We have noted on this blog before that it would be a bit of a stretch to describe Beppe Grillo’s Five-Star Movement as an anti-euro party – mainly because it has yet to adopt an official position on the issue. At the moment, not even the referendum on Italy’s membership of the single currency appears in the Five-Star Movement manifesto.
According to an ISPO poll published by Il Corriere della Sera on Sunday, if this referendum were to take place in Italy, 73% of Five-Star Movement voters would opt to stay in the euro – and only 17% would vote for a return to the Lira. An overwhelming majority.
However, Professor Mauro Gallegati (see picture) – one of Beppe Grillo’s closest economic advisors – gives a slightly different picture in an interview with French business daily Les Echos today. He says,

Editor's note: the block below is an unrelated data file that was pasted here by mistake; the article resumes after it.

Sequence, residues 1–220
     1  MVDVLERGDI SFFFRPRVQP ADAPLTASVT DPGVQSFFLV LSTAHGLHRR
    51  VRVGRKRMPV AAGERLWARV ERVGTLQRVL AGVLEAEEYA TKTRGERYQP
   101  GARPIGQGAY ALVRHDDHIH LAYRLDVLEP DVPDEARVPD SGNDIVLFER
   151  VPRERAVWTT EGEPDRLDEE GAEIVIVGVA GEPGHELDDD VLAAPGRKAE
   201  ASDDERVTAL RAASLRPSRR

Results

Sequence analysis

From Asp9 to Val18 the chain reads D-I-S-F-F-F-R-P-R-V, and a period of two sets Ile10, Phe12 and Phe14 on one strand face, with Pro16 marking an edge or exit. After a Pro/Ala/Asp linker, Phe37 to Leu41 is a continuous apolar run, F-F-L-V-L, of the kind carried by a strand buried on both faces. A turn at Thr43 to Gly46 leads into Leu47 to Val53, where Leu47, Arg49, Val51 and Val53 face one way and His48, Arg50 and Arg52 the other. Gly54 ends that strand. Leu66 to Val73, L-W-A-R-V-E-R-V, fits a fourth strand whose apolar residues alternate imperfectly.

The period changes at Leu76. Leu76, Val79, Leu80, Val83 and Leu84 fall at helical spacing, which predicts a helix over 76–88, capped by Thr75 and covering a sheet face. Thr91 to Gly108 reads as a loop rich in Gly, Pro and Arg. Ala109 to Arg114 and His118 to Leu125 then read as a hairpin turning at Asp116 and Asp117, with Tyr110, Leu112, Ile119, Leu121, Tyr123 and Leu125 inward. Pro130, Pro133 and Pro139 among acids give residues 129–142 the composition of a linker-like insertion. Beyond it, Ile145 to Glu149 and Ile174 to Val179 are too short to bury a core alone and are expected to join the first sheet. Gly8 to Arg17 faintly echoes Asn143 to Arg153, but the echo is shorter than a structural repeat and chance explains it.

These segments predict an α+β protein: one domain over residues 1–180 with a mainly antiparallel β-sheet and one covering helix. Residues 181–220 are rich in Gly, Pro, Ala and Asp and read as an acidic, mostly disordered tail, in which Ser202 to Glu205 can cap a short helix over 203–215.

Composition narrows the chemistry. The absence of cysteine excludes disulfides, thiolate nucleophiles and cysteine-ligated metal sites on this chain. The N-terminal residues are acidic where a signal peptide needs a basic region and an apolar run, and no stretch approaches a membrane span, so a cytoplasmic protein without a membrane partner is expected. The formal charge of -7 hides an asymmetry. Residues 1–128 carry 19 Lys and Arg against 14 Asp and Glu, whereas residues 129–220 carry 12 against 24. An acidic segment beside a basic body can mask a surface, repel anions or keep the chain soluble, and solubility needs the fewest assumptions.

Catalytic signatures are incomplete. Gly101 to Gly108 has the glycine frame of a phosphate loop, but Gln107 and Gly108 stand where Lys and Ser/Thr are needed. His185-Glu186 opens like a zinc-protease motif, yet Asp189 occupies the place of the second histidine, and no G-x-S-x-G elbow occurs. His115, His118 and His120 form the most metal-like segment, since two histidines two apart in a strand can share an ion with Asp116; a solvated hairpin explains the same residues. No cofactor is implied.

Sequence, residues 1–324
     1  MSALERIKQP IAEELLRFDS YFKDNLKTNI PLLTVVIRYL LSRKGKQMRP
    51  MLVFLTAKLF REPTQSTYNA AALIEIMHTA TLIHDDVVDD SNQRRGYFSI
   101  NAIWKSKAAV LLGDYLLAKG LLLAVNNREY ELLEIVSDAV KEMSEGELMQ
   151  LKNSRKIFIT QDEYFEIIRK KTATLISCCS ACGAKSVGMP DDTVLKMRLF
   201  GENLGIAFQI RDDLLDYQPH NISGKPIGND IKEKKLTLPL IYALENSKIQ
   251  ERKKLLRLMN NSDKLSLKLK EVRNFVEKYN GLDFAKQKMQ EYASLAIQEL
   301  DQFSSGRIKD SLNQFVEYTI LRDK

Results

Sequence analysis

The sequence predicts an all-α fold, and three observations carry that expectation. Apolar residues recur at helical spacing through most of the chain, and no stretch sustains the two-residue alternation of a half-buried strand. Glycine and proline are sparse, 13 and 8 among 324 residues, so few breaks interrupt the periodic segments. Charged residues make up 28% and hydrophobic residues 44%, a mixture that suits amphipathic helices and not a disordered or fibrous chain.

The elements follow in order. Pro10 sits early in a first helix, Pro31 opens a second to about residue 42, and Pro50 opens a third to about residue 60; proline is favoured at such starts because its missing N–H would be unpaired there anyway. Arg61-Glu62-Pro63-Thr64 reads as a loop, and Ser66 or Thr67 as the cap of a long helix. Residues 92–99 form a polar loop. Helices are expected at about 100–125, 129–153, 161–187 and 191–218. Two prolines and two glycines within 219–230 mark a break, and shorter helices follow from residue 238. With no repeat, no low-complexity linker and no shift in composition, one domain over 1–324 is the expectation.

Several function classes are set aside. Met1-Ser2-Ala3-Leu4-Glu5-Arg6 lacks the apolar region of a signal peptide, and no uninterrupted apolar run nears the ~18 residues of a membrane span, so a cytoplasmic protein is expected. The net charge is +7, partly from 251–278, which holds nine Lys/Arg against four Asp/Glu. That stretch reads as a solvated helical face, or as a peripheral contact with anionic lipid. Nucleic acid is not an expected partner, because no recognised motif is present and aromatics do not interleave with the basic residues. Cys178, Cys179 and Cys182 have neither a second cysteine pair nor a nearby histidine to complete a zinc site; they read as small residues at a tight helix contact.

The [Five-Star] Movement is still split over the euro. There is a good part of supporters who are in favour of an exit from the single currency. Personally, I’m against [euro exit] because I think the cost to the Italian middle class would be prohibitive.
So to what extent the Five-Star Movement’s electorate can be described as anti-euro remains unclear. But the poll and the interview both leave another key question unanswered. What do the Five-Star Movement’s 163 MPs and Senators-elect actually think about the euro? This is quite hard to figure out at the moment, given that they are not allowed to speak to the press. But they may have to take a clearer stance sooner rather than later, not least because official talks on the formation of the next Italian government are due to kick off next week.Open Europe blog team